In this three part series, the New England Times is having a deeper look at the state of our region’s roads: the repairs needed, whether our councils have the workforce and equipment they need, and whether the hundreds of millions on offer is enough.
It has been nearly two years now that the La Nina weather system has pounded the East Coast of the nation with frequent heavy rains and flooding. While most would greatly prefer it to be a bit wet to the El Nino driven dry, there is no doubt that a much greater proportion of the population is directly affected by flooding events than drought.
While the damage to homes and belongings is devastating for those who suffered heavy flooding, the relentless rain is devastating to our road network, which affects everyone.
When the roads are already in poor condition, adding flooding rains turns them into dangerous goat tracks, riddled with potholes, cracks, and sometimes just washing them away.
And, as no one in the New England needs to be told, regional roads were already in poor condition.
The cost of the poor condition of regional and local roads that are managed by local councils is not incalculable. Half of all accidents in the state happen on council managed roads, and more than two thirds of all road fatalities happen outside of the Sydney metro area. Using the formula Transport for NSW use to figure out ‘willingness to pay’ use to assess the cost of avoiding a fatality, the NRMA calculated that the state of our regional roads costs $3.4 billion a year. That doesn’t include the damage to vehicles or the costs to business from slow and inefficient transport.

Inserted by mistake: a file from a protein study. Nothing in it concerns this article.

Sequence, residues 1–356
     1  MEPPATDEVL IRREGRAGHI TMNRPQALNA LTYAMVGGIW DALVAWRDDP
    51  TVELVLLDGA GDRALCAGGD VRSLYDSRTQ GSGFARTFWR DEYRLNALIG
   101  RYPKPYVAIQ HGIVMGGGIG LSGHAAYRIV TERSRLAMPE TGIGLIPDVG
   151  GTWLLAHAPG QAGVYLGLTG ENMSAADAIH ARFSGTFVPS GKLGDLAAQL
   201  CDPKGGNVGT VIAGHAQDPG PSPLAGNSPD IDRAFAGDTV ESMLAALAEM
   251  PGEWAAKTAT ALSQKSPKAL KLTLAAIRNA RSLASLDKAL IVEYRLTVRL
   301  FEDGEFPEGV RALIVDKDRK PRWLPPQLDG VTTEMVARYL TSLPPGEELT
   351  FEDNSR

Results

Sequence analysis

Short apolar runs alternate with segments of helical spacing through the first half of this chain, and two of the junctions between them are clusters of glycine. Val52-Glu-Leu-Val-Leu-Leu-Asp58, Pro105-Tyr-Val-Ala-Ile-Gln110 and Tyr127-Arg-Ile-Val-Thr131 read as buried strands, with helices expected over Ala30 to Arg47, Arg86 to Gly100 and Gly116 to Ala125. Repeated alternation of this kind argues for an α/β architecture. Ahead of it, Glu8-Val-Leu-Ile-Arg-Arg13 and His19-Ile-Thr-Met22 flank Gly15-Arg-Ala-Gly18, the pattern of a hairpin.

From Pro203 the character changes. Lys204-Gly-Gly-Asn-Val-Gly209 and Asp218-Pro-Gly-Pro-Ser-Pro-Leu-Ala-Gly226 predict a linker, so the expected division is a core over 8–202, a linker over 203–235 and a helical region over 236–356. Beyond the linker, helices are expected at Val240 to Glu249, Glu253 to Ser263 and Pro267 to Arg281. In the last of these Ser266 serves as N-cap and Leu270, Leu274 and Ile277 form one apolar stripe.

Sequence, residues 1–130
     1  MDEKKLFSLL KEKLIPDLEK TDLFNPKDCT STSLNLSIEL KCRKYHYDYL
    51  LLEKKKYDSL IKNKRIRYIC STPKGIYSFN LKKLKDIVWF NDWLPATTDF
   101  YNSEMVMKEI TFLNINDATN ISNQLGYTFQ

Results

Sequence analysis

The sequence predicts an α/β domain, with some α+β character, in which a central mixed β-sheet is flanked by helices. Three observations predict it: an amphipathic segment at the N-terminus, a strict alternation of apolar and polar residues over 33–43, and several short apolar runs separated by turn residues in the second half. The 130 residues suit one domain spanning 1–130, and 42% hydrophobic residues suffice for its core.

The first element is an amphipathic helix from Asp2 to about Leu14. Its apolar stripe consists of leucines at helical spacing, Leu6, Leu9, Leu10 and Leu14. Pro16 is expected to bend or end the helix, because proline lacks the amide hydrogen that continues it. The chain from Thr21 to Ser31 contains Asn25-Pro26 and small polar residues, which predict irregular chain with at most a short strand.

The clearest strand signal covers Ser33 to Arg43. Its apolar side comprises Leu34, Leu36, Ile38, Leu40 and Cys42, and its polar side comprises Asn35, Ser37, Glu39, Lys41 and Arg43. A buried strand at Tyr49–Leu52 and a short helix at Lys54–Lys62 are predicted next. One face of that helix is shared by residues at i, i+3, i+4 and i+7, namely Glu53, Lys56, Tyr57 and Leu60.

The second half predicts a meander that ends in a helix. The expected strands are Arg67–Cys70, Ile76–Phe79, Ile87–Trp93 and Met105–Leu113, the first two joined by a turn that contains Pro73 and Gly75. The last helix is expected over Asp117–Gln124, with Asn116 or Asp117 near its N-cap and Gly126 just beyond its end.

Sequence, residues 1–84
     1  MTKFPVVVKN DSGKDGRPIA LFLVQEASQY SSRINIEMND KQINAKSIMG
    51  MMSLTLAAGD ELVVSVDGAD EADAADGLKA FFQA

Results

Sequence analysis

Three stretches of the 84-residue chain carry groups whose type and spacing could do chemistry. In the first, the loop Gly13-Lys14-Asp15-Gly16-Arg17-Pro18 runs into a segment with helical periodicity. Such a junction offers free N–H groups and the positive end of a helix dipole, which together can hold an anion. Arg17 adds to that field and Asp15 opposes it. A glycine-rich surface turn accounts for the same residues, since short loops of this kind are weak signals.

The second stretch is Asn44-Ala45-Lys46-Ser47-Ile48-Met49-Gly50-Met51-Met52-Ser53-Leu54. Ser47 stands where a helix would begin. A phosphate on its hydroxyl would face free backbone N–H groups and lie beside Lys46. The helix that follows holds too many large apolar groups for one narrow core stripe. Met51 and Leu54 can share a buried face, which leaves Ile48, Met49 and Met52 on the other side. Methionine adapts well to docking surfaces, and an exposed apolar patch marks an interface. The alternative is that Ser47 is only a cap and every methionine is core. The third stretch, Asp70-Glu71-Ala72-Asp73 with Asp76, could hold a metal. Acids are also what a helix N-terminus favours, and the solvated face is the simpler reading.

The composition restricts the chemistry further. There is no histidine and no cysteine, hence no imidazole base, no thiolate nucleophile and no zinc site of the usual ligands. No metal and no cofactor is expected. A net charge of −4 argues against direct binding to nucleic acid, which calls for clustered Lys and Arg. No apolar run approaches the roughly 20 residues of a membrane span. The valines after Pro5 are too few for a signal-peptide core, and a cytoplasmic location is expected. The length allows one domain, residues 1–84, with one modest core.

Local councils use their asset management system to track the condition of all the roads in their jurisdiction. In these systems they record the roads that are in poor condition and the cost of bringing the road to what they call a ‘satisfactory’ condition. This cost is called the ‘roads backlog’.
The NRMA’s Fix Our Broken Roads report released last month revealed NSW councils already faced a $1.9 billion backlog in 2020/21, that is before the 2022 floods, to maintain roads to a safe standard. $94.3 million of that was in the New England North West. Our neighbouring areas to the east, whose roads New Englanders must use on a regular basis to access health and other essential services, and which were hit by the earlier flooding in 2021, were the worst in the state.
As part of this investigation, we reached out to all of the councils in the New England North West and surrounding areas to ask them about their roads and the repairs required. Most reported millions in repairs that were required before the floods, and a sharp increase since the floods.
Tamworth Regional Council was one of only a small handful of councils that didn’t have a roads backlog in 20/21, but even they are now reeling from the damage and have an apology on their website for the delay in repairing roads caused by three major weather events.
Neighbouring Walcha Council, one of the smallest council areas in the state, says they have an ongoing budget shortfall of $2 million to maintain their roads, meaning their backlog is increasing year on year regardless of the weather events. Aberbaldie Road is just one of their roads that requires significant repair urgently.
Liverpool Plains Shire Council Acting General Manager Nathan Skelly said they have extensive failures along their major roads.